“I have a competition in me. I want no one else to succeed. I hate most people.”
There Will Be Blood is a film that has all the ingredients for greatness. Daniel Day-Lewis, the most selective actor in Hollywood, decides to break his habitual film hiatus and hop on board this project with Paul Thomas Anderson, one of the most acclaimed young directors in the business. It’s a historical epic with a tense, compelling script and some of the most fascinating visual potential for a film of this caliber. Thankfully, There Will Be Blood delivers on all of its promises, and the end result is one of the most captivating narratives in recent years. As is common with “great films,” I was worried that There Will Be Blood wouldn’t live up to the hype. In this case, I am glad to say I was wrong, and this is a film that just about earns every second of its nearly 3 hour run.
What lies at the core of this movie is oil: this gooey, black, horrible, fantastic substance that rushes through the pipelines of early 1900s California. Daniel Plainview wants it. This is a film about a lot of things, somehow managing to balance its many themes with ease, but it’s all rooted in blackness. Greatness, wealth, success, glory, greed, competition, rivalry, blood – it’s all about the oil. Plainview finds himself in a face-off with fiery preacher Eli Sunday. Just as oil is burned for energy purposes, it serves as a more symbolic fuel for the clash between the two men and for Plainview’s obsession with greatness and heated competition. There Will Be Blood offers a story unlike anything I’ve seen in a film before, and the narrative is so airtight and the dialogue so sharp that the script alone (also conceived by Paul Thomas Anderson) is a work of greatness.
An integral part of the movie’s success is the weight that Daniel Plainview holds as a character and the way Day-Lewis actualizes this in his performance. While most actors avoid method acting to such an extreme, it’s clear in a Day-Lewis performance that the technique can yield beautiful results. The way he speaks, moves, thinks – every second of this performance feels genuine while also very dramatic. Watching the “I drink your milkshake” scene at the end of the film is the most alert and invested I’ve been in a film for quite a while. Every word that comes out of Day-Lewis’s mouth feels like sweet, sweet oil fueling a fire, and this is the film’s secret to its fantastic pacing. If you have strong actors such as Day-Lewis driving your narrative, you can milk your audience’s time for far longer than you probably should.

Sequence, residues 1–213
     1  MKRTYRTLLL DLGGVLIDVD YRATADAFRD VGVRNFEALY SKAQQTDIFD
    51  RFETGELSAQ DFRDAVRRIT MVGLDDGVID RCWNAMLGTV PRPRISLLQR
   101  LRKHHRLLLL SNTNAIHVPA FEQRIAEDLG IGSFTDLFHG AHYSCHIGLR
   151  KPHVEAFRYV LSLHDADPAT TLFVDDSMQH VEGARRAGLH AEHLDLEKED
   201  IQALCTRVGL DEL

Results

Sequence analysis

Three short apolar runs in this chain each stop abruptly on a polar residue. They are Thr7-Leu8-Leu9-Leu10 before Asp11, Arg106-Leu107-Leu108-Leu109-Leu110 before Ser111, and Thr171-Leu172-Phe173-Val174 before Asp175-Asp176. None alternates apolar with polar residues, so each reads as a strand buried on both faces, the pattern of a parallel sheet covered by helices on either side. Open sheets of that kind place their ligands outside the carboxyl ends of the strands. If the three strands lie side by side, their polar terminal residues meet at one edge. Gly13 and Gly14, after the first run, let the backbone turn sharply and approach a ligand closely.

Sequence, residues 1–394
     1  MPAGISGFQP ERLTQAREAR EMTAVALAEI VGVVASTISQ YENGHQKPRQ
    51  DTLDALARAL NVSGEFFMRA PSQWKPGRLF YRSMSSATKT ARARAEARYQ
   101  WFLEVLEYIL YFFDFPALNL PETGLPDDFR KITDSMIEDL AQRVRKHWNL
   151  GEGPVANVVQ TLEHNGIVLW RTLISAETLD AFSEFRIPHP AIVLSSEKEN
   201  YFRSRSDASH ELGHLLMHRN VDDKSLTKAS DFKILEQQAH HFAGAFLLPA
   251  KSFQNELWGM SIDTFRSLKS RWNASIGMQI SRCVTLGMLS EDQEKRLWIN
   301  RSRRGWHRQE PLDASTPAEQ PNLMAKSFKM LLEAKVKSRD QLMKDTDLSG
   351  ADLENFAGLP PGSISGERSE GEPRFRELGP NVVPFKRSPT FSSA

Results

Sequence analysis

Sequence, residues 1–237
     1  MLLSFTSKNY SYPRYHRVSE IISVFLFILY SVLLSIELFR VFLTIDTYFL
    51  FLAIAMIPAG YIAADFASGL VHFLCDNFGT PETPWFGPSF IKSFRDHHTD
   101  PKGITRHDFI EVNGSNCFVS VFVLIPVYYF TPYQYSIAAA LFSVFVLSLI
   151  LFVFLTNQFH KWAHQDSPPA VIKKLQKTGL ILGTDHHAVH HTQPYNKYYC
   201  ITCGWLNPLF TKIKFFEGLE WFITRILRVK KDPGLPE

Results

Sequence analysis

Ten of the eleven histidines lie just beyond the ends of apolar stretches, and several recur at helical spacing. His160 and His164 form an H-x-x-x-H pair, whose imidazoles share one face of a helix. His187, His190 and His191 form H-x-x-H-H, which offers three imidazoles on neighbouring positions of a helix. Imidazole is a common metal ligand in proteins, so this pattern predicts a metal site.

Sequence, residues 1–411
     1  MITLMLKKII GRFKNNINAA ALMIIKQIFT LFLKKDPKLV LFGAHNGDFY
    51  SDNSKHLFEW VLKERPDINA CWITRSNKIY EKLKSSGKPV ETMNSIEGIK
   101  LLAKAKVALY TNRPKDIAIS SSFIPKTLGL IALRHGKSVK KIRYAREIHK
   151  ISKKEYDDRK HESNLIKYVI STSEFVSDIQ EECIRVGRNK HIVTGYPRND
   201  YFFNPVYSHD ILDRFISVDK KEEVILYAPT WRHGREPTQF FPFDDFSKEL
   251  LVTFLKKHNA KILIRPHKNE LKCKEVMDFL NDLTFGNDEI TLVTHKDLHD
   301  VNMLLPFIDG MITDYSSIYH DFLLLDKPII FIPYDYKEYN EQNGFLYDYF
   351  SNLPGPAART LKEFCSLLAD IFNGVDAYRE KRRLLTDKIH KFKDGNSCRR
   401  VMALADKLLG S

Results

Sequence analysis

The two Oscars this film ended up winning are the best indications to its success. The first went to Day-Lewis for Best Actor for his captivating performance. The second went to Robert Elswit for Best Cinematography. The frequent collaboration between Elswit and Anderson is apparent in a film such as this. I think a rookie filmmaker could learn a lot about setting up their shots by reading the script for There Will Be Blood, identifying how they would set up the shots, and then being taught a lesson by the actual cinematic decisions. One scene that sticks with me particularly well is towards the beginning when one of Plainview’s workers is struck on the head by a falling object while working in the oil mines. Anderson’s cinematic direction is so physical, and the visual style is incredibly gritty and dim to match both the time period and the thematic elements of the film. Anderson and his team bring such care and detail to the film’s visual elements, and it’s really a telling example of how talent and hard work can bring a film from simply being great to achieving greatness.
If the run time or even the subject matter are deterring you from watching this film, I would advise you to give yourself thirty minutes with it. If you’re not impressed by the visceral visual elements and the depth of Day-Lewis’s performance, maybe this isn’t the film for you. I’ll concede that the plot may take some time to really get going, and I would completely understand complaints about the indulgence and pacing of the story. I didn’t have a problem too much with this one, but I know that some people certainly would for those reasons. However, if you really want to dive into Paul Thomas Anderson, this is a wonderful film with which to do so. He’s at the peak of his talent with this production, and it’s a strong example of finely crafted cinema that I’ll be watching again and admiring many times in the future.
Films Left to Watch: 938